- Fraser: What Melissa said, except I haven’t met Peter Olotka. Eon! Eon! Eon!
(3) Exploding Kittens
107 points from 6 voters
What an interesting choice for our Top 3! I don’t imagine that any OG contributors like Exploding Kittens… I certainly don’t. But I think many of us didn’t even think to vote for something like this because it’s so mindless. We also didn’t vote for LCR or Monopoly, but that doesn’t mean that any of us actually like playing LCR or Monopoly (at least as far as I know). Perhaps Exploding Kittens can be a stand-in for all of the classic mindless American fare (from Uno to Chutes & Ladders).
- Matt: Random. Yuck. I might play a game of Exploding Exploding Kittens…
- Mark: Exploding Kittens has a single virtue – it’s over quickly. (And, btw, I like Monopoly.)
- Greg: I guess this is technically a game, but I think it was nothing more than a money grab. Awful game. Awful.
(2) Dominant Species
147 points from 10 voters
When I saw that Dominant Species was getting more votes than any other game on this list, I almost pulled the plug on the whole experiment. I just cannot fathom putting Dominant Species as the top strategy game on the OG list of games that are “not for us.” I adore Dominant Species. I cannot get enough Dominant Species. I want to go play Dominant Species right now, even though it’s almost midnight! I’ve only played Dominant Species 22 times, and that’s not nearly enough. If you’ve played Dominant Species with anything other than 3 players, then you need to go back and try it again. If you’ve played Dominant Species without removing a few cards from the deck, then you need to go back and try it again. If you’ve played Dominant Species without me keeping the game moving at a good pace so it’s a quick 2-hour affair, then you need to play it again. Ten of you voted for it, and I’m just beside myself. Dominant Species is one of only 20 games that I give a 10 out of 10 rating (with over 1,800 games rated). This game should be on the best games of all-time list, not the worst!
- Brian: I have not played this game as a quick 2-hour affair. I am willing to give it another try with a trusted guide such as Talia. Until then, based on my far less snappy and engaging experiences, it remains not for me.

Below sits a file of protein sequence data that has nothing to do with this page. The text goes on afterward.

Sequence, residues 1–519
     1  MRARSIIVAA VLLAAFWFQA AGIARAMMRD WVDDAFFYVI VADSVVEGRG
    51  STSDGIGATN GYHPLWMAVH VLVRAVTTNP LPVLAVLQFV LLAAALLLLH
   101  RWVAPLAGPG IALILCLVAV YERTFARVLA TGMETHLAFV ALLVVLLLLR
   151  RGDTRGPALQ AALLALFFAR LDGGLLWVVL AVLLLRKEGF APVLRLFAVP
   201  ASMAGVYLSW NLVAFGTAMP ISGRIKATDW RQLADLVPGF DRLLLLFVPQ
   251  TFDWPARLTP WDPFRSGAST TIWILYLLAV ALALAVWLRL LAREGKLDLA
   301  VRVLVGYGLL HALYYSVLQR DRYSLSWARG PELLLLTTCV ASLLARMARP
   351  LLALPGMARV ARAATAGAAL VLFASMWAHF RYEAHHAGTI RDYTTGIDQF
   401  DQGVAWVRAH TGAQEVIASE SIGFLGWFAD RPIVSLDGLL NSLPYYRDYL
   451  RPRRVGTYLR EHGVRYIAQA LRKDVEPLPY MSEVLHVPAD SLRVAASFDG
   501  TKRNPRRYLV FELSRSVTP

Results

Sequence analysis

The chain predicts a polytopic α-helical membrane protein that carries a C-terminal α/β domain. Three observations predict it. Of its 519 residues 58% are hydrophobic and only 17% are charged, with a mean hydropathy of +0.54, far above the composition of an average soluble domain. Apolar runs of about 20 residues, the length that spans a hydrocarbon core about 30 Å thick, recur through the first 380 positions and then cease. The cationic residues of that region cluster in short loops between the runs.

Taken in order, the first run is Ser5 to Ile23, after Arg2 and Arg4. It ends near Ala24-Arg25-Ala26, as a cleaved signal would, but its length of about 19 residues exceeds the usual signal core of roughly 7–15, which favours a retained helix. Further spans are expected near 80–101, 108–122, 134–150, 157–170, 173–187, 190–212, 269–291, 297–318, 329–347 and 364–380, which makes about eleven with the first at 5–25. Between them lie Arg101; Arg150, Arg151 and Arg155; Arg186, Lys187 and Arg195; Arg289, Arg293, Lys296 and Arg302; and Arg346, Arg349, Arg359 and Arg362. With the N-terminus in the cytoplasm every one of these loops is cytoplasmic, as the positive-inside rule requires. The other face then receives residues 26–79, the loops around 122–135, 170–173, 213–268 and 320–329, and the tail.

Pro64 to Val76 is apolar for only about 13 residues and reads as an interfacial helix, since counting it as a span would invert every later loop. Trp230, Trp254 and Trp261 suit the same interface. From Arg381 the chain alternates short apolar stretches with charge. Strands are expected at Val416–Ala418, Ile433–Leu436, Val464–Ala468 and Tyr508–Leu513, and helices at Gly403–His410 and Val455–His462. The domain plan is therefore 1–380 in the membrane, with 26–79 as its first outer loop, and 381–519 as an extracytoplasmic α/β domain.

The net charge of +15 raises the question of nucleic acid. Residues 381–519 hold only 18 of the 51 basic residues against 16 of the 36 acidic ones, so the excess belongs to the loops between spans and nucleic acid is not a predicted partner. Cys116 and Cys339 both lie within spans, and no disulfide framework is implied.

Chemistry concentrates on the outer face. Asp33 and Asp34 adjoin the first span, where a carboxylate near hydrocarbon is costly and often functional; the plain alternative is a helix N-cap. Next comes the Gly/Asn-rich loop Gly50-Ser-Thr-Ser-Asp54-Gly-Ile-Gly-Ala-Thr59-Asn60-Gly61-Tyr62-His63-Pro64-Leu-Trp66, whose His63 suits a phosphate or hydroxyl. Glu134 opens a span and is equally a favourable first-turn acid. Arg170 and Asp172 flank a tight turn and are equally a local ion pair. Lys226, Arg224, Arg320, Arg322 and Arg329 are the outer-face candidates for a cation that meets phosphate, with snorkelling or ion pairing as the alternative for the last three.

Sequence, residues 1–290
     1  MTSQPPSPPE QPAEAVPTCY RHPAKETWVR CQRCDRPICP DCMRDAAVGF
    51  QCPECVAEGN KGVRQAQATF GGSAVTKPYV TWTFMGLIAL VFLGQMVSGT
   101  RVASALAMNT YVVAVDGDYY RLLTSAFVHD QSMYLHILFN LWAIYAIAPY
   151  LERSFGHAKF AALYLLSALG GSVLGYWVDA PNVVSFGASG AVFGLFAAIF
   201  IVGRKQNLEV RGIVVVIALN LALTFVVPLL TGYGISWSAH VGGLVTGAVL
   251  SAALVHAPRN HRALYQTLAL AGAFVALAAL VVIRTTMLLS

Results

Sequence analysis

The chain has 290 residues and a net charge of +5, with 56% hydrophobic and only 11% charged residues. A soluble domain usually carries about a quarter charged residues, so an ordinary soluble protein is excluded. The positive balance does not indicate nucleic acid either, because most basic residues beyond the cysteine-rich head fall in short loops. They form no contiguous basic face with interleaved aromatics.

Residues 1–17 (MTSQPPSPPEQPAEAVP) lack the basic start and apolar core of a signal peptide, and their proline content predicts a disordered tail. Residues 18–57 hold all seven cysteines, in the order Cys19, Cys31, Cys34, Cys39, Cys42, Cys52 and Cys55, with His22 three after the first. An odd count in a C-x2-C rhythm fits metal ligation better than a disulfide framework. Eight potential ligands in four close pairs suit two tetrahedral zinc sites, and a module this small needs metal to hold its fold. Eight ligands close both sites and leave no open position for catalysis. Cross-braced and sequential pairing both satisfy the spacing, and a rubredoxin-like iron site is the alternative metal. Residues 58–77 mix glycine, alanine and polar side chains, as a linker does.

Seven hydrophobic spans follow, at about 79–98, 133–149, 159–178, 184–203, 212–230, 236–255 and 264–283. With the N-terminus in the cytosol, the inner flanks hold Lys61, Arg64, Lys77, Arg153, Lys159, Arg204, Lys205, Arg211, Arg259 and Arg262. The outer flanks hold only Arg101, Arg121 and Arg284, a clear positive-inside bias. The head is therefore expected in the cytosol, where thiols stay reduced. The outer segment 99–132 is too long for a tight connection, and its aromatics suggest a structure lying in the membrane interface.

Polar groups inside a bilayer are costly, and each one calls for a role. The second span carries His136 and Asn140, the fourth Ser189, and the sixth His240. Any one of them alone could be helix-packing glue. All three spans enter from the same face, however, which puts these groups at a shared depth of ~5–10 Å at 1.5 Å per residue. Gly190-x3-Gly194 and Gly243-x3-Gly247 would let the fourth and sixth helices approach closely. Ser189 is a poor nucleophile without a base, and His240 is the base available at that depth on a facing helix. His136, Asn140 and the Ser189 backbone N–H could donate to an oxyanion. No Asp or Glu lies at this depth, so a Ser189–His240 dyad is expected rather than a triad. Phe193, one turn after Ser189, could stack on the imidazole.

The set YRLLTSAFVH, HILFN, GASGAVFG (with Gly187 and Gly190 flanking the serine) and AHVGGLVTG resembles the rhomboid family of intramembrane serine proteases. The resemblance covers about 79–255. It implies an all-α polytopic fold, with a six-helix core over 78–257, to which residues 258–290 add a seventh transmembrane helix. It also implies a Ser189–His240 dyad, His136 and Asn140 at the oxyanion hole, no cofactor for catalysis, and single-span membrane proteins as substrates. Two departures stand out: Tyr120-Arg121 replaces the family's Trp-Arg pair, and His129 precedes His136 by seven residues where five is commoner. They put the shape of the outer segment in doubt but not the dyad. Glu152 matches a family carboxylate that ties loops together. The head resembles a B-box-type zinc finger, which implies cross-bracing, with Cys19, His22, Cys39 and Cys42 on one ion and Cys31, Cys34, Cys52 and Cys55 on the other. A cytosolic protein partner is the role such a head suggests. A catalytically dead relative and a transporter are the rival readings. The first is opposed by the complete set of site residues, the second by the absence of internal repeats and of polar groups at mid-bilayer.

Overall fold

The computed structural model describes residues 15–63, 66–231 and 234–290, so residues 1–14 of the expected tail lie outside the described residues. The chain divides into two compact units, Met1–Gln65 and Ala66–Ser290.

- Mark: The quirks of Dominant Species would be tolerable – maybe – in a 2 hour game. I could pretty much ignore them if it only took 60 minutes. But at 3-4 hours, it is unbearable.
- Brandon: Yup, everything that Brian and Mark have said here is why DS ended up being my number 2 (pun intended).
- Matt: Methinks you protest too much. If I have to do all those things to make it a great game, shouldn’t it be a different game?
- Larry: Talia, all of my games of Dominant Species were with you. If you made all those adjustments, it obviously still didn’t help the game. And 2 hours is just a fantasy; all our games lasted at least 4 hours. It seems like the definition of an overwrought game, with a few too many mechanisms stuffed into it. A bad game? No. One I ever want to play again? Again, the answer is no.
(1) Cards Against Humanity
148 points from 8 voters
The popular game that OG members felt was most “not for me” was Cards Against Humanity. I didn’t vote for this game, so I’m going to need the other 8 people to jump in and explain their thinking here. Personally, I looked at the Top 300 or so games on BGG to pick the games that I voted for. By contrast, Cards Against Humanity is ranked #4,322. So I’m having trouble seeing this one as popular or as overrated. I guess it shows up in mainstream stores, so it may be popular in that sense. And obviously there are many far better party games (as evidenced by this game being ranked the 493rd best party game). I suppose I should be thankful that this selection kept Dominant Species from taking the top spot, but it just goes to show you that everyone has a different perspective for evaluating these things.
- Matt: My “Not for Me” vote is indeed the issue of its mainstream popularity. Take a relatively groundbreaking game, Apples to Apples, and just throw in (very) lowbrow humor and (often quite) offensive not-humor and you get a very not-good game. If you like CAH, check out the YouTube channel The Dragon’s Tomb and their recent Kickstarter game: “Offensive Adult Party Game.” It comes with 1 black card and 17 identical white cards. I won’t spoil the (2 minute) video any further…
Opinionated Gamer Comments:
Talia Rosen: Most of the games that I voted for did not make the list above (except Modern Art, Brass, and Taj Mahal). In particular, I think that Feld’s Castles of Burgundy and Rosenberg’s Caverna are very overrated. Both designers started indulging their kitchen-sink tendencies after they had both proven that they can make thoughtfully streamlined games. My feelings on Power Grid are also pretty well documented. I don’t understand why anyone would want to play Star Realms or Stone Age when Dominion and Caylus exist. I also cannot wrap my head around people’s love for Terra Mystica or Russian Railroads. None of these confounding games made the list above because clearly my distaste is not shared, so I’ll have to just keep dodging this drek and seeking out those delightful games of Dominant Species.